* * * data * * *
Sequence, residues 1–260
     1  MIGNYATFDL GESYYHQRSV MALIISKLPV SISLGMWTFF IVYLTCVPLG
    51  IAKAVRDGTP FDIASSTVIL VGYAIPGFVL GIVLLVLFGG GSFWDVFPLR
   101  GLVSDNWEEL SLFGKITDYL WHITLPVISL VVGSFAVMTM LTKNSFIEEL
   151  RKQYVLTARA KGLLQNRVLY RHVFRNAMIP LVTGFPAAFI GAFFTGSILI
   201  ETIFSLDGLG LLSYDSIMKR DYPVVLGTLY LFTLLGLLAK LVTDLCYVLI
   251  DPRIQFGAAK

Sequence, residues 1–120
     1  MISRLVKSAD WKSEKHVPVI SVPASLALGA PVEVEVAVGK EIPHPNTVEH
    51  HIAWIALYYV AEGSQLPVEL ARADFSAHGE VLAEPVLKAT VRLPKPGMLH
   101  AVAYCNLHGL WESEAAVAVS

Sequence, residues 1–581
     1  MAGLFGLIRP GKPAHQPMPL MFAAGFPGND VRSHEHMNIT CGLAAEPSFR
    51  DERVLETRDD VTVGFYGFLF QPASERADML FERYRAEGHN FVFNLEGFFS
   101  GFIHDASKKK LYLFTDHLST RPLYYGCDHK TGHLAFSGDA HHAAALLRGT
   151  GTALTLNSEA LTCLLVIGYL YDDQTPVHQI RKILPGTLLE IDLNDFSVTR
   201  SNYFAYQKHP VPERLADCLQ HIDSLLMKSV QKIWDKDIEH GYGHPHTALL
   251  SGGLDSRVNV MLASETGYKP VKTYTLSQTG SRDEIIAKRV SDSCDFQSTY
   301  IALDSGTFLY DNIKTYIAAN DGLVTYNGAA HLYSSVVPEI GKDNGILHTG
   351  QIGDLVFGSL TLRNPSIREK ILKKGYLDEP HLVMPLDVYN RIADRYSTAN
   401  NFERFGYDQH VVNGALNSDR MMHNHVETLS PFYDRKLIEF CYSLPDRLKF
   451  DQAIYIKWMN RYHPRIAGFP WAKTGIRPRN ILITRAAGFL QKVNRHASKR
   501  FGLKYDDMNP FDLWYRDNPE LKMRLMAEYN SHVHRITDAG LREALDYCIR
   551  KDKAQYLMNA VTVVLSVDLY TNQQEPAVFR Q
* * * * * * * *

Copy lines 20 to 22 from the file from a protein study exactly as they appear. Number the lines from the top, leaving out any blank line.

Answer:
   351  QIGDLVFGSL TLRNPSIREK ILKKGYLDEP HLVMPLDVYN RIADRYSTAN
   401  NFERFGYDQH VVNGALNSDR MMHNHVETLS PFYDRKLIEF CYSLPDRLKF
   451  DQAIYIKWMN RYHPRIAGFP WAKTGIRPRN ILITRAAGFL QKVNRHASKR